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The ethics of managing heart disease in pets

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Abstract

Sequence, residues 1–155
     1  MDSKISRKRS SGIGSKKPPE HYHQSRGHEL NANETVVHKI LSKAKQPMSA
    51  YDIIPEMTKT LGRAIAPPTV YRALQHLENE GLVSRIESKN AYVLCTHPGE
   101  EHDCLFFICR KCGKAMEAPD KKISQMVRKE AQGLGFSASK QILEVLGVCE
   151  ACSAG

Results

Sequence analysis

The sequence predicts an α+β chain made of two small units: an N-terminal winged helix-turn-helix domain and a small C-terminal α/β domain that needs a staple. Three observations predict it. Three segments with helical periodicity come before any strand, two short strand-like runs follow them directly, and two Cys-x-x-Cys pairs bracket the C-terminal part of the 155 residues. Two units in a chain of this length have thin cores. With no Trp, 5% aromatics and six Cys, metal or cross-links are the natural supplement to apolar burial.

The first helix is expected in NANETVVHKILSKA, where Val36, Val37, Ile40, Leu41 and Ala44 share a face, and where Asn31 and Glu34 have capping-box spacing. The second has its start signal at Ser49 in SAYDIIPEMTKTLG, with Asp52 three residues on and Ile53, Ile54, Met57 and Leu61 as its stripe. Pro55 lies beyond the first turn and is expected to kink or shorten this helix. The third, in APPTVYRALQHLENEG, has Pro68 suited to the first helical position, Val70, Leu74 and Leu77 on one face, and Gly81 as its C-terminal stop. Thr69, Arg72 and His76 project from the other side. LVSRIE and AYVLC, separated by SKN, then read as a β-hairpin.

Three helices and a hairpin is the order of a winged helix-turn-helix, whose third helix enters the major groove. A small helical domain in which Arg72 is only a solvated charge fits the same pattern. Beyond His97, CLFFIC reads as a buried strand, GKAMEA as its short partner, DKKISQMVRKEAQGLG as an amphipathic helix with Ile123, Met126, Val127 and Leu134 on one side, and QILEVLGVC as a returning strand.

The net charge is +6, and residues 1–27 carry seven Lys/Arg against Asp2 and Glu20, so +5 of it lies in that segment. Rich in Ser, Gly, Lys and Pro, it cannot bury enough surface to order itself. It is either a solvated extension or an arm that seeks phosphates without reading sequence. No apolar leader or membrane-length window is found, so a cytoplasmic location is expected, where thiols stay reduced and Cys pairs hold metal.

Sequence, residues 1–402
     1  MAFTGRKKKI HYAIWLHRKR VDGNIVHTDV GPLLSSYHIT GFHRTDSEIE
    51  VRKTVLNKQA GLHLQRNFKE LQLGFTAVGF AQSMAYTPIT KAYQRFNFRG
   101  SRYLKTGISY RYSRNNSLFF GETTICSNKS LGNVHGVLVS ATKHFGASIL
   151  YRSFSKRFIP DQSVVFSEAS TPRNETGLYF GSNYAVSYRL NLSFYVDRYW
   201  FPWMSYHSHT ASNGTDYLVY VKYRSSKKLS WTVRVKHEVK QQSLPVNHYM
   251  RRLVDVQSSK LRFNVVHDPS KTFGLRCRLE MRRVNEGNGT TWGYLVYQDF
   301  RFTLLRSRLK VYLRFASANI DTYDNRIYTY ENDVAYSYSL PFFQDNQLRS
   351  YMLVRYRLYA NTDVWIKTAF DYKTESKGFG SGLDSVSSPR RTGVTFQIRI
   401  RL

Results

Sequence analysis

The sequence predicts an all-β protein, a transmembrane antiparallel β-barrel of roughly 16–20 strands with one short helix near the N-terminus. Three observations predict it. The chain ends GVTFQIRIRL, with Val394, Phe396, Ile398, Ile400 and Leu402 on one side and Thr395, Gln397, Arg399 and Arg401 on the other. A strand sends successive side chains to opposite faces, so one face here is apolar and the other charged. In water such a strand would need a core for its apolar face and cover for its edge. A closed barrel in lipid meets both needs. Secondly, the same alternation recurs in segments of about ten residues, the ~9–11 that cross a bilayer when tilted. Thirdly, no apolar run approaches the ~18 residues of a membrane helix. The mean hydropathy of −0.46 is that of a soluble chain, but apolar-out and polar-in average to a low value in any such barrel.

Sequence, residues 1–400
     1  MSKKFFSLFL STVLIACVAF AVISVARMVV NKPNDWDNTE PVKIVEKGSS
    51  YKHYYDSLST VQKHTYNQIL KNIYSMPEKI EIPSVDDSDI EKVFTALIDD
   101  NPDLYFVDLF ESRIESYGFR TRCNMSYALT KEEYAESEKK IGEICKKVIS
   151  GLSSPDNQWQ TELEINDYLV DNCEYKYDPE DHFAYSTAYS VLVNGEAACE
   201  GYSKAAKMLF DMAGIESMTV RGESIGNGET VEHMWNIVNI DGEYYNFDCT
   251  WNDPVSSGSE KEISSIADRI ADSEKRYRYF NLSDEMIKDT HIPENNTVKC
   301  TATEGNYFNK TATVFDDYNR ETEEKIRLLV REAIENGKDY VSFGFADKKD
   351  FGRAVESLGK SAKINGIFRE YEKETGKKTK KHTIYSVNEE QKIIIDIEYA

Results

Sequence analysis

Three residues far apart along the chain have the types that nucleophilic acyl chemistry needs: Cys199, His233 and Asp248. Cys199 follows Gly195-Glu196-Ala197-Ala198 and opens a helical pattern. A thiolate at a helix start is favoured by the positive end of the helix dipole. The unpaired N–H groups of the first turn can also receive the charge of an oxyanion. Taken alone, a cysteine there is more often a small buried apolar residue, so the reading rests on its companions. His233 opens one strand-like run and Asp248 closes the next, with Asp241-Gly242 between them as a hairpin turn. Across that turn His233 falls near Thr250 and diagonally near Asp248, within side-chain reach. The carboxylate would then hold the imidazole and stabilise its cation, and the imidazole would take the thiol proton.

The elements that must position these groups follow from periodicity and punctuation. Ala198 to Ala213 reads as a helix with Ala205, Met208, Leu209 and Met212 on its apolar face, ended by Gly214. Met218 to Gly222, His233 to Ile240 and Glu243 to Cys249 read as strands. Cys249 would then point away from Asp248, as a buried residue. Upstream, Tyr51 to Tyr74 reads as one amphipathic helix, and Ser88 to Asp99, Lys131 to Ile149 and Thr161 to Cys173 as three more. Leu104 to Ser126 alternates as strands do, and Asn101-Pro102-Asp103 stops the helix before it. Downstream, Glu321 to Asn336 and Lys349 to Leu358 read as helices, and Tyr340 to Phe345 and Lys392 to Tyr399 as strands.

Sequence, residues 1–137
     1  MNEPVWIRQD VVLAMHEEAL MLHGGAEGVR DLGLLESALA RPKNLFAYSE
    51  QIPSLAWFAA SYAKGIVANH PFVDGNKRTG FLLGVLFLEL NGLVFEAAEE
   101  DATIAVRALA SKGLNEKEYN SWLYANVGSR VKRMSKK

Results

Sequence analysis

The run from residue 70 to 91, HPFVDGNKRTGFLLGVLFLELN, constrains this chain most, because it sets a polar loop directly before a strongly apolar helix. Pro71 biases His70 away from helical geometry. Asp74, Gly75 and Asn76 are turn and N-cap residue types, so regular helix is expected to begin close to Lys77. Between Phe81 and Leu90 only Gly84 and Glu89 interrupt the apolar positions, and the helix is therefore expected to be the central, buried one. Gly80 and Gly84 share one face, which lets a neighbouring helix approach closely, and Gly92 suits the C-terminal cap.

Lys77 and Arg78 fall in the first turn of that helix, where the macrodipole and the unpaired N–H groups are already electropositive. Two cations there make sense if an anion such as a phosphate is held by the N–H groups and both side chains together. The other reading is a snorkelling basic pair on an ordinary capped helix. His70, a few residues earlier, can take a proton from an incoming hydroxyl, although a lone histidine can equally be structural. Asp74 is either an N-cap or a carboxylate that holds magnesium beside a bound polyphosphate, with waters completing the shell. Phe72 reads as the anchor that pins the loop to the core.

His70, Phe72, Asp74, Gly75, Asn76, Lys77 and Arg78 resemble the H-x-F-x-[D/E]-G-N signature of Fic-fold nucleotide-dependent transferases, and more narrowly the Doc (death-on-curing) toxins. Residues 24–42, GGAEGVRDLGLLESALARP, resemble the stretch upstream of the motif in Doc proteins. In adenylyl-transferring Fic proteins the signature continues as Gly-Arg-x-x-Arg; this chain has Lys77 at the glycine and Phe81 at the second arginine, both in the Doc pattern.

There are always going to be ethical questions and concerns when introducing new treatment modalities, and rightly so. As veterinarians we must always have animal welfare at the forefront of our decision making. Heart disease is a very common disease in dogs and can have a huge impact on quality of life, a subject that until recent years has been largely unresearched in veterinary patients. When considering any treatment option we must always consider its likely effect on quality of life; expected detrimental effects weighed up against potential improvements, in addition to quantity of life expected to be gained. This is particularly challenging in veterinary patients when assessment of quality of life and decision making has to be made by proxy. Maintaining a good health related quality of life (HrQOL) is just as important as survival to most humans in chronic heart failure (Lewis et al. 2001) and is also more important than quantity of life in owners of cats and dogs with cardiac disease (Oyama et al 2008, Reynolds et al. 2010). It is imperative that with any intervention, be they medical or surgical that owners are fully informed of potential risks and consequences, and presented with the most up to date and accurate information candidly.

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